The destination for history

The Duke of Somerset, Scotland and Brexit


For over three hundred years England and Scotland have co-existed peacefully under the common name of Great Britain. But now, with the differing views of their two governments on the outcome of the Brexit vote, the countries face the possibility that their union could be broken.

It would, though, not be the first time that Scotland had turned away from England and towards Europe for support.

The relationship between England and Scotland stretches back over many centuries and for much of that time it was a stormy affair as England sought to subjugate its northern neighbour by force. Names such as William Wallace and Robert the Bruce ring out as powerful reminders of Scotland’s determination to remain independent.

Yet, for a short time during the sixteenth-century one Englishman held a vision of bringing the two countries together without bloodshed. After experiencing for himself the futility of trying to subdue the Scots by force, Edward Seymour, Duke of Somerset, saw the benefits of union rather than subjugation. Somerset believed that ‘having the sea for wall, the mutual love for garrison, and God for defence’ the two countries united could withstand all assaults.

He was convinced that the best way to achieve this was through the marriage of Edward VI and Mary, Queen of Scots. Their heirs would inherit both England and Scotland and so make ‘of one Isle one realm’ under the name of Britain. Somerset believed the way forward was through friendship and persuasion and by encouraging the Scots to support the idea of the marriage. But it was to be a futile hope.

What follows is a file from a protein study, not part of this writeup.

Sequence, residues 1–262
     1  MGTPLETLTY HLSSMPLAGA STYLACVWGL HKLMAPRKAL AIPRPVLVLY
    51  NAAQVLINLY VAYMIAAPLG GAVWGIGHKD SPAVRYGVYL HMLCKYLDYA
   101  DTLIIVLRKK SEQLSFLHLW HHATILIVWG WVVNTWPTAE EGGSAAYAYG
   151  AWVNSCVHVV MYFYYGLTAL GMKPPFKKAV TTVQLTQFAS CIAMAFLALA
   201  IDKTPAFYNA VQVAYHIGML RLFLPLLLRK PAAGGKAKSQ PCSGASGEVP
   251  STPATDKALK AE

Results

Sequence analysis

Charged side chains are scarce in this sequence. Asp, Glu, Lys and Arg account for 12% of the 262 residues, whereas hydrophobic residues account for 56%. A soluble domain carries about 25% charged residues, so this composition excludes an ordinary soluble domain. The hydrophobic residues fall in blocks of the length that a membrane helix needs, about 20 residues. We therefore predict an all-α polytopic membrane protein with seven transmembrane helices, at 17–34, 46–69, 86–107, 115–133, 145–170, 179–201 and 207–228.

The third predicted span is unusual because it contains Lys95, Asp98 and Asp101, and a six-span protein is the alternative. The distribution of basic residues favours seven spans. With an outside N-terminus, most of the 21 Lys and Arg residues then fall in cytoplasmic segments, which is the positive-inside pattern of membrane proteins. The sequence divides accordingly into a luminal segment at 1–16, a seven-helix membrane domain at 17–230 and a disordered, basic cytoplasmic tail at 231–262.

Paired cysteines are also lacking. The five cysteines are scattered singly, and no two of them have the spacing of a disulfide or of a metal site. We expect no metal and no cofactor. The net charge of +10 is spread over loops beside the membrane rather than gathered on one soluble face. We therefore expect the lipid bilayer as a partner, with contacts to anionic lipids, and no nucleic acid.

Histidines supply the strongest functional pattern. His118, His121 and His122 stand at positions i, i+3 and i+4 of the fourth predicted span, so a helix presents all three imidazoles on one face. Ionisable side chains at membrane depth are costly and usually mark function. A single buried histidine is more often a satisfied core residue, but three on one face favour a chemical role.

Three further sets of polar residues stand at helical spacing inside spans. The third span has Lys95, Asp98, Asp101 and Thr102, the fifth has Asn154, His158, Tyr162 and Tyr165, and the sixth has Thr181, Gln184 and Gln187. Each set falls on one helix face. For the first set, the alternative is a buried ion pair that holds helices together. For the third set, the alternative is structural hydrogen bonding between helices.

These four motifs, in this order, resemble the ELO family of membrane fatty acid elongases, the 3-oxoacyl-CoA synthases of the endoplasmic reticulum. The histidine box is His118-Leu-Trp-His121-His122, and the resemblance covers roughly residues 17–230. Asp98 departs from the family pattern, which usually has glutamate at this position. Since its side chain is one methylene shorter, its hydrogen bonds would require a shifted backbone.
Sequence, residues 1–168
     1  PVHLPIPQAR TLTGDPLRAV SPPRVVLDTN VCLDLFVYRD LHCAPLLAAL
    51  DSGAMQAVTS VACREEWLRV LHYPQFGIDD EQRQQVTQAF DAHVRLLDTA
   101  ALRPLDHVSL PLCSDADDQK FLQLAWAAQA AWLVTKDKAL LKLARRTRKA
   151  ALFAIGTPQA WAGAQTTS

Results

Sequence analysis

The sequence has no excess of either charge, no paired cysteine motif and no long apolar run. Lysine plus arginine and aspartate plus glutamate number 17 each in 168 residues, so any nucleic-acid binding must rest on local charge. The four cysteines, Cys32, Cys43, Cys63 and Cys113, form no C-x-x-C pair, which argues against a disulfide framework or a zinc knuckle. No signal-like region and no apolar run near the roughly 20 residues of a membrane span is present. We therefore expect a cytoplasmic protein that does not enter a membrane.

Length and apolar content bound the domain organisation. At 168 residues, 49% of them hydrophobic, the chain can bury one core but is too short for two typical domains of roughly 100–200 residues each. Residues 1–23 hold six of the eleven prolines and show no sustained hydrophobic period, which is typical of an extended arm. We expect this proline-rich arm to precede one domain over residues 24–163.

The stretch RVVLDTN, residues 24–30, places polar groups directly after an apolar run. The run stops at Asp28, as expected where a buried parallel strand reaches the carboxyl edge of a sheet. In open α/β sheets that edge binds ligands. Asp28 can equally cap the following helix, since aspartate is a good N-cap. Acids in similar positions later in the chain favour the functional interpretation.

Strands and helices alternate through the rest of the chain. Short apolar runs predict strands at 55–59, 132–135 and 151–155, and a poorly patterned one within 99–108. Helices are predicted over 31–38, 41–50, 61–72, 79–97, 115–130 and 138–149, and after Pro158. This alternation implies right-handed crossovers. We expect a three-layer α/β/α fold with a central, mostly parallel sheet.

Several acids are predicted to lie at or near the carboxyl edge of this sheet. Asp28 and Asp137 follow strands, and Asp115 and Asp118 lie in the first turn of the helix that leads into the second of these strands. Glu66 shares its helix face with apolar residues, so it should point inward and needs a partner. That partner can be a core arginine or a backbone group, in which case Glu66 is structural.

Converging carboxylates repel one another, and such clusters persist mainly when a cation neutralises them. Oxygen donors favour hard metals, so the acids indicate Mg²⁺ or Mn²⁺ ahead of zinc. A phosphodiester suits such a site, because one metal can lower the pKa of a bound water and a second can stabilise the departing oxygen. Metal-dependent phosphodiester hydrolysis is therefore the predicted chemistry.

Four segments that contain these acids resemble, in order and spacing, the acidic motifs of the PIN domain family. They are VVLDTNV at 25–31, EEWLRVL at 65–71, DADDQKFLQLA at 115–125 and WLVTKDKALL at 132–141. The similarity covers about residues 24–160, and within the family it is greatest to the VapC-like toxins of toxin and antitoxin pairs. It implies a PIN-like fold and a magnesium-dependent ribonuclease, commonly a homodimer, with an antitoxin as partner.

In order to win the support of the Scots he intended to establish a series of military garrisons in south-east Scotland. These would maintain control of the area and provide support and protection to all those Scotsmen who favoured the English and the idea of the royal marriage.

Unfortunately, in order to do this Somerset needed to take an invasion force north of the Border to establish control. The resultant battle at Pinkie Cleugh in 1547 resulted in the slaughter of 10,000 Scotsmen. It did nothing to improve relations between the two countries.

Although the garrisons were built, the presence of the English alienated many Scots who, unable to defeat the English alone, turned elsewhere for help. Just as today the Brexit vote is pushing Scotland away from England and towards the European Union, so in 1547 Somerset’s policy towards Scotland pushed Scotland into closer alliance with France.

Somerset’s plan was a failure and within two years England had withdrawn from Scotland. But his scheme for an amicable union was not without merit and eventually James VI of Scotland would unite the two countries under one crown. One hundred years later England and Scotland would finally share political union.

So, if Scotland now turns away from its closest neighbour it will not be for the first time. Perhaps we are about to experience a sense of political déja vu.

By Margaret Scard

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